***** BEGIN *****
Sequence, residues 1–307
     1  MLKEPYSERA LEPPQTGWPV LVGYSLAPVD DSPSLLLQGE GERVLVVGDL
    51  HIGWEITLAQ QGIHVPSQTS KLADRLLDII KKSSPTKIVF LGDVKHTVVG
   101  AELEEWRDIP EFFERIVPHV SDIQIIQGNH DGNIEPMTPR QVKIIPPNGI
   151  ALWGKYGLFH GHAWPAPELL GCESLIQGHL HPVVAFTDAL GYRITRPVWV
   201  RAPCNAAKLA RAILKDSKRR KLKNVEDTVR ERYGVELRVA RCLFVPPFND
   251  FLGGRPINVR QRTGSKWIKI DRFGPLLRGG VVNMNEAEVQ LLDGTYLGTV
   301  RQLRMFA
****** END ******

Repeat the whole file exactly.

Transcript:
Sequence, residues 1–307
     1  MLKEPYSERA LEPPQTGWPV LVGYSLAPVD DSPSLLLQGE GERVLVVGDL
    51  HIGWEITLAQ QGIHVPSQTS KLADRLLDII KKSSPTKIVF LGDVKHTVVG
   101  AELEEWRDIP EFFERIVPHV SDIQIIQGNH DGNIEPMTPR QVKIIPPNGI
   151  ALWGKYGLFH GHAWPAPELL GCESLIQGHL HPVVAFTDAL GYRITRPVWV
   201  RAPCNAAKLA RAILKDSKRR KLKNVEDTVR ERYGVELRVA RCLFVPPFND
   251  FLGGRPINVR QRTGSKWIKI DRFGPLLRGG VVNMNEAEVQ LLDGTYLGTV
   301  RQLRMFA